The Lord Is My Chef Sunday Recipe for the Soul, Wk. XV-C, 14 July 2019
Deuteronomy 30:10-14 >< )))*> Colossians 1:15-20 >< )))*> Luke 10:25-37
After teaching us about discipleship these past two Sundays, Jesus shifts his lessons to things “we must do” following a series of questions he encountered from people when he “resolutely determined to journey to Jerusalem” (Lk.9:51).
There was a scholar of the law who stood up to test Jesus and said, “Teacher, what must I do to inherit eternal life?” Jesus said to him, “What is written in the law? How do you read it?” He said in reply, You shall love the Lord, your God, with all your heart, with all your being, with all your strength, and with all your mind, and your neighbor as yourself. He replied to him, “You have answered correctly; do this and you will live.” But because he wished to justify himself, he said to Jesus, “And who is my neighbor?” Jesus replied, “A man fell victim to robbers as he went down from Jerusalem to Jericho.”Luke 10:25-30
And thus Jesus answered the scholar of the law with the beautiful parable of the Good Samaritan that can only be found in St. Luke’s gospel. It has so endeared the world that hospitals and charities including laws and awards everywhere use the “Good Samaritan” title in recognition of the parable’s conviction that we are all neighbors.
Problem is, we have become so familiar with this parable that sometimes we think it teaches us nothing new. Like the Laws or the Ten Commandments, it has degenerated into becoming letters like a code imposed from the outside we simply follow. Moses tells us in the first reading how the Laws are “something very near to you, already in your mouths and in your hearts; you only have to carry it out” (Dt.30:14). Loving God and loving others is an interior and life principle innate within each of us.
This Sunday, Jesus is inviting us to set aside our thoughts about his parable of the Good Samaritan in order to see it in a deeper and personal perspective.
For most Christians especially Catholics, we always reach that stage in our lives when deep within us there is a longing for something deeper, for something more than what we have been used to. It is a very positive sign of spiritual growth. Like the scholar, we are no longer contented with the usual things we do like praying, Sunday Masses, and keeping the laws. At first we may not be able to verbalize or even identify what are the stirrings within us until we realize it is something more than this life we are having.
Like the scholar, we ask Jesus, “Teacher, what must I do to inherit eternal life?” (Lk.10:25). But, instead of probing deeper into our hearts, we tend to look outside for answers like the scholar asking, “who is my neighbor?”.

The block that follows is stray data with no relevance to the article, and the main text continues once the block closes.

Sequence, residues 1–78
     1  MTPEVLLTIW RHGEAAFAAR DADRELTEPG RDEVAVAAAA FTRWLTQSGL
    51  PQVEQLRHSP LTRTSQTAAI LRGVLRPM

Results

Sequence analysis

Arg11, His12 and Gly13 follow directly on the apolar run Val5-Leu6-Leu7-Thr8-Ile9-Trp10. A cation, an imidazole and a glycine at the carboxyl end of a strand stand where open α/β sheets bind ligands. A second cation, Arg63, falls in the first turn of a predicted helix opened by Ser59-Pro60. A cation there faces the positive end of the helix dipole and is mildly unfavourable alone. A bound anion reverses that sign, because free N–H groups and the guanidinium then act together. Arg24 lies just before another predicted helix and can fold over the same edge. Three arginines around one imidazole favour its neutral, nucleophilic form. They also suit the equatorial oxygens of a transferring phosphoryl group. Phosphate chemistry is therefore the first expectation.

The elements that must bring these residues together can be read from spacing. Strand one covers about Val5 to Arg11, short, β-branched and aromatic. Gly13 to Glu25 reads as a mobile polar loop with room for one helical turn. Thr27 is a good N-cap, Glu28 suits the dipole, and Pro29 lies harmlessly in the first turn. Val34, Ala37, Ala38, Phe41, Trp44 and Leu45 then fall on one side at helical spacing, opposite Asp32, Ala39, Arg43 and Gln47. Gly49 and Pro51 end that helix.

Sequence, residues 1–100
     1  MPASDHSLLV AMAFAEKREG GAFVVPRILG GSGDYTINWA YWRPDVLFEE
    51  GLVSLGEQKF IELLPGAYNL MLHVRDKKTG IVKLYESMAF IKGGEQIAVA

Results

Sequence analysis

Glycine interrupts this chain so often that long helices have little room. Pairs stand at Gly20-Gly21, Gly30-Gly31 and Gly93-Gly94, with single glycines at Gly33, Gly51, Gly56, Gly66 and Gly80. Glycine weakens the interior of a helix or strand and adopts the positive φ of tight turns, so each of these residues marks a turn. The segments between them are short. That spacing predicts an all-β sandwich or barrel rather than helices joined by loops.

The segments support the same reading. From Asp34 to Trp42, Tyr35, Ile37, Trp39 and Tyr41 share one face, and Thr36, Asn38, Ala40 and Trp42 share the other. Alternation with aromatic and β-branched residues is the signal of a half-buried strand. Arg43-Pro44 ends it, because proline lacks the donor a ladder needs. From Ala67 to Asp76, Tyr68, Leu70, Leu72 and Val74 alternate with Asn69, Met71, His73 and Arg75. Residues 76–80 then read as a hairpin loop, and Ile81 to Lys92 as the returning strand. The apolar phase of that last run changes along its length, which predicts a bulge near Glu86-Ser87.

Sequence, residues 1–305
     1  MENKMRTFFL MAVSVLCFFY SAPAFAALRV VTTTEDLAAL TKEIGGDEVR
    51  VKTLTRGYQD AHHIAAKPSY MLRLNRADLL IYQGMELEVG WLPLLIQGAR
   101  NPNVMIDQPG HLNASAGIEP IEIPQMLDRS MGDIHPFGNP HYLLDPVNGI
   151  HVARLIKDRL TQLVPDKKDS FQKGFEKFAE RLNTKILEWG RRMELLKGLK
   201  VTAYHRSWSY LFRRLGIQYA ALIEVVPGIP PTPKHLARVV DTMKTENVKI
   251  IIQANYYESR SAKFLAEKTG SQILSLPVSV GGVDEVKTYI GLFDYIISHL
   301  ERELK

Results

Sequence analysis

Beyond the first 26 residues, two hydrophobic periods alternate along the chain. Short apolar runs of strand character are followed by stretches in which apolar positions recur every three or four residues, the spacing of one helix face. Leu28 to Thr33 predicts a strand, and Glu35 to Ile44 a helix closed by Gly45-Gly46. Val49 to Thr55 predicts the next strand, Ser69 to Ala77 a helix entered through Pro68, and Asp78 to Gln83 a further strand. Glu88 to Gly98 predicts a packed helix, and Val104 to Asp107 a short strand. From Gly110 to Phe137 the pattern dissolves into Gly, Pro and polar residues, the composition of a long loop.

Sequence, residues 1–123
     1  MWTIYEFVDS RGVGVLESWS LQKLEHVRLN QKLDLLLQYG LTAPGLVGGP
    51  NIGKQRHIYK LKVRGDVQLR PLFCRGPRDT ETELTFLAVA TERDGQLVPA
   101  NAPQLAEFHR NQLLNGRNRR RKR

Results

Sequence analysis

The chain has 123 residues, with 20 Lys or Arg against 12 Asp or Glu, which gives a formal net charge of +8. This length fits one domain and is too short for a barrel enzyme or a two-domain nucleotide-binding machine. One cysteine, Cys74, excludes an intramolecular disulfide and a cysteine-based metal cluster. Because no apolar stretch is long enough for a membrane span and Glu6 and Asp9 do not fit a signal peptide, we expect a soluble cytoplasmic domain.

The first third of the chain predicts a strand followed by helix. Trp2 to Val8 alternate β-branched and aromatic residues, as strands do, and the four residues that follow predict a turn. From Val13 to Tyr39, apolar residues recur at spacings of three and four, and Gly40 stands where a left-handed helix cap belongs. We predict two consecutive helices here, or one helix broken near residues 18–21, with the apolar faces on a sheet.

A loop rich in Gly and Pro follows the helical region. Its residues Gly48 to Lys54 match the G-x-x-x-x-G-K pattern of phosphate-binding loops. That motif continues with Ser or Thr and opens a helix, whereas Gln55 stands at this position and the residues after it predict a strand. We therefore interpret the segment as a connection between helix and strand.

Twenty years ago, the sci-fi series “The X-Files” was a hit worldwide with its tagline “the truth is out there” to refer to all kinds of conspiracy theories and paranormal activities by the US government. Of the same genre today is the Netflix series “Stranger Things” that also points us to something “out there” for answers to many mysteries happening to us.
The answer is never out there – it has always been inside us! Always.
How strange that we keep on asking “who is my neighbor?”, searching for a theoretical definition of a neighbor we always think as somebody outside us. What we must be asking is, “am I a neighbor to others?”
Observe how Jesus narrated the parable where both the priest and the Levite “saw the victim and passed by the opposite side. But a Samaritan traveler who came upon him was moved with compassion at the sight. He approached the victim, poured oil and wine over his wounds and bandaged them. Then he lifted him up on his own animal, took him to an inn, and cared for him” (Lk.10:32-34).
That’s the strangest thing of all! Two Temple officials simply “saw” the victim and passed by while a Samaritan “saw” also but was moved with compassion. To be moved with compassion in Latin is misericordia, a “stirring or disturbing of the heart” which translates into mercy.
Here we find the Samaritan looking deep inside him that he saw in him the plight of the victim that he was moved with mercy to help him. And that is to be a neighbor, to treat somebody with mercy that transcends any color or creed or nationality. See the question of Jesus at the end of his parable, “Which of these three, in your opinion, was neighbor to the robbers’ victim?” The scholar answered, “The one who treated him with mercy” (Lk.10:36-37).
My neighbor is the one with whom I identify with, with whom I am drawn near because of the mercy that moved me within to help in his or her sufferings. A neighbor is one who feels his or her own humanity that he or she is always moved with compassion with those who are in suffering and pain.
And the more we reflect on this parable, the more we see Jesus Christ is in fact the Good Samaritan himself. He is “the image of the invisible God, in him all things hold together” (Col. 1:15,17). It was Jesus who went down the road, becoming human like us in everything except sin, picking us up from our sinfulness and miseries, healing us of our wounds, and restoring us to life “through the blood of his cross” (Col. 1:20).
Let us heed his command this Sunday to “Go and do likewise” (Lk.10:37) as the Good Samaritan. Be a blessed neighbor to everyone! Amen.